The Capitol Square and Atwood (which also includes Milwaukee Street and the Darbo Worthington area) are in late stages of gentrification and displacement. Both were previously considered to have economically vulnerable populations, but increases in populations with a college degree and median incomes and decreases in rates of persons of color and rentals transitioned these areas out of this category. Atwood saw residents with bachelor's degrees increase from 44% to 63%, which correlated with a 37% increase in median income. Rentals as a portion of housing units declined 4.5% between 2010 and 2017; at the same time home values increased by 16.4%, outpacing the citywide average of 10.7% and inflation of 12.1%. The Capitol Square and West Washington tracts saw the percentage of residents with college degrees rapidly increase to more than 70%, corresponding with median incomes nearly doubling between 2010 and 2017 and rents increasing by 40%. ...
An example of how increasing units even on the high end of the income spectrum may help maintain affordability can be seen in Tenney-Lapham. Historically this neighborhood has been a diverse mix of owner occupied and rental housing, including some students from UW. The addition of several new multifamily buildings in the neighborhood and by campus may have shifted demand at the high end from older units and flats/duplexes. Now in a market with greater diversity in housing and more availability, older units may have to compete more on price. Possibly as a result, median rents in Tenney Lapham have increased at a rate lower than the City average between 2010 and 2017 according to ACS five year data. Further, units renting for below $900 in 2010, (1,300; 60% of all units) appear to only have increased at the rate of inflation (12% total), far lower than the City average of 19%. According to the Zillow Rental Index, median rent in Tenney-Lapham increased less than 1% between 2012 and 2018. ...
Some of the best practice strategies summarized in the Strategy Section are also currently being implemented by the City of Madison and this white paper acknowledges and encourages continuation and strengthening of these efforts. Strategies such as the Affordable Housing Fund have substantially increased the supply of affordable rental units in the City of Madison since inception. Along with the Affordable Housing Fund other strategies such as Land Banking, Community Land Trusts, Impact Fee Waivers, Accessory Dwelling Units, Property Tax Assistance, Homeownership Programs, Economic Development/Commercial Stabilization programs and TIF, are also being used by the City and they should be continued and strengthened.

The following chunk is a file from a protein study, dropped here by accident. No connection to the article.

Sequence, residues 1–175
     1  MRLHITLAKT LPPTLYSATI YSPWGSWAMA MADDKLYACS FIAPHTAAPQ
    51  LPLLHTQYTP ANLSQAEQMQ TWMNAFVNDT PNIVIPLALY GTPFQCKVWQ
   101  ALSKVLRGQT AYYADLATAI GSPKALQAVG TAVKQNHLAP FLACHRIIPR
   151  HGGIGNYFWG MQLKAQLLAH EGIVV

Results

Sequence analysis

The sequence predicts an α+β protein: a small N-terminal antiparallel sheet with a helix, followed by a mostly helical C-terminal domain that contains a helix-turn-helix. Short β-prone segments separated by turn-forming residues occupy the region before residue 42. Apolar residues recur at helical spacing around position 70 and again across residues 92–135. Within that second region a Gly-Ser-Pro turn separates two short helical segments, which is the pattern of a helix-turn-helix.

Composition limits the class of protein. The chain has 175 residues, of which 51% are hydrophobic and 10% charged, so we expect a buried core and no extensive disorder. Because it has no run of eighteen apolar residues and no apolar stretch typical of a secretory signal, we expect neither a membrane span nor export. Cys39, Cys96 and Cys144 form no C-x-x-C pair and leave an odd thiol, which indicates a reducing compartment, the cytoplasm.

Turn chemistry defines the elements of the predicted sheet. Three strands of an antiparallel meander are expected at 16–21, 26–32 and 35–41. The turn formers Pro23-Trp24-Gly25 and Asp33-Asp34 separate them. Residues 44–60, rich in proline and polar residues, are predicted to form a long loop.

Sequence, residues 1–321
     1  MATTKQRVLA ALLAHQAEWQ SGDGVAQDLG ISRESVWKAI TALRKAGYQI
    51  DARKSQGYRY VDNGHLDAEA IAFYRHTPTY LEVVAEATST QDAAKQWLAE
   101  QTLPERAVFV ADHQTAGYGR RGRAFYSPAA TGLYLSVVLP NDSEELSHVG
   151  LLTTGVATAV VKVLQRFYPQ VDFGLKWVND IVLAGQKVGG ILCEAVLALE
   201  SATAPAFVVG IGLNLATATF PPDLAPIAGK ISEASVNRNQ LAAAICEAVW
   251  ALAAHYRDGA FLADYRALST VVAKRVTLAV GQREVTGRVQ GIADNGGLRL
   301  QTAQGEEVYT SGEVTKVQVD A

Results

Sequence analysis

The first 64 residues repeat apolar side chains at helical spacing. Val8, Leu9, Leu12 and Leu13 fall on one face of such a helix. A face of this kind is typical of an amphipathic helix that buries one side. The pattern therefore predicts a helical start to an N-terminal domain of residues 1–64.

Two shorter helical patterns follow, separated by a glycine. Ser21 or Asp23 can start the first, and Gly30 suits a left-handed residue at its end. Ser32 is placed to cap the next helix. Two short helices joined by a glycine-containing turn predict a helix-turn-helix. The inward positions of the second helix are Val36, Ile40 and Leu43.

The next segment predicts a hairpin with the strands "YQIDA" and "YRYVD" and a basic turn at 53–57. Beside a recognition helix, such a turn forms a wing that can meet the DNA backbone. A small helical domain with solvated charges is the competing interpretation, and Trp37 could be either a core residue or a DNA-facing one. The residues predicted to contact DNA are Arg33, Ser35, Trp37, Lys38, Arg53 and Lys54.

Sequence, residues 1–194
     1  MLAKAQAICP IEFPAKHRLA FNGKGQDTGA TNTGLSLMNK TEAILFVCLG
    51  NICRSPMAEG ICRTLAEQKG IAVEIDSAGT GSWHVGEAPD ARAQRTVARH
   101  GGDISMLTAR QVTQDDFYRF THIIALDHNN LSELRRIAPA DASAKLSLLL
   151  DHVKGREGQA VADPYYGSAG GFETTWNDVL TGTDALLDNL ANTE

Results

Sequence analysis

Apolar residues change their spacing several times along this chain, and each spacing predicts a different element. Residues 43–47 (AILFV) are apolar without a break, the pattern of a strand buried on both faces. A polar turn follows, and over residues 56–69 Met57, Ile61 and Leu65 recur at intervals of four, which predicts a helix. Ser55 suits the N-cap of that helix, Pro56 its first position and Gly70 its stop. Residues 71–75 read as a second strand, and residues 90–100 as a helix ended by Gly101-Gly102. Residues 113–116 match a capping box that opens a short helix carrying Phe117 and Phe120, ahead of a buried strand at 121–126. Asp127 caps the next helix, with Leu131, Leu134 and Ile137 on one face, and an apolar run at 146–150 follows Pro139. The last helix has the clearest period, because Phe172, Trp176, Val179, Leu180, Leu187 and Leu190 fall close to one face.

Thursday August 22
Madison Arts Commission
5:30p room 013 MMB
1. 56838 Adopting the Mifflandia Neighborhood Plan as a supplement to the Comprehensive Plan and the Downtown Plan and directing staff to implement the recommendations contained in the plan.
What is the future of Miffland? In case you didn't know, I worked at the Mifflin St Coop for six years in the 1980s so this neighborhood and its cultural and political legacy helped make me the person I am.
2. 56846 Amending the 2019 Adopted Operating Budget for the Planning Division - Neighborhood Planning and Preservation to accept $11,000 from the Madison Community Foundation for the Thurber Park Artist Residency.
3. 56868 Seeking Common Council approval of a $25,000 Matching Grant award to Board of Regents of the University of Wisconsin System on behalf of Wisconsin Institute for Discovery's Science to Street Art as recommended by the Madison Arts Commission.
4. 56886 Authorizing the Mayor and the City Clerk to amend a contract between the City of Madison and Raymond Chi for design, fabrication and installation of a site-specific public art feature for Pennsylvania Park.
5. 56891 Accepting noncash charitable contributions from Kohler Company for the Thurber Park Artist Residency.
6. 56912 Accepting City Ownership of Artwork in the newly renovated Madison Municipal Building and affirming the value of including art in the design of capital projects.
7. 55290 Thurber Park Artist-in-Residence Updating selection process for 2020
8. 21297 BLINK Proposal Review Proposal to use BLINK funding for special City projects in Park East Garage Storefront
9. 27987 Art Space Exhibition Proposal Staff proposal for MMB Art Plan 2020 - partnership with Nelson Institute celebrating 50 year anniversary of Earth Day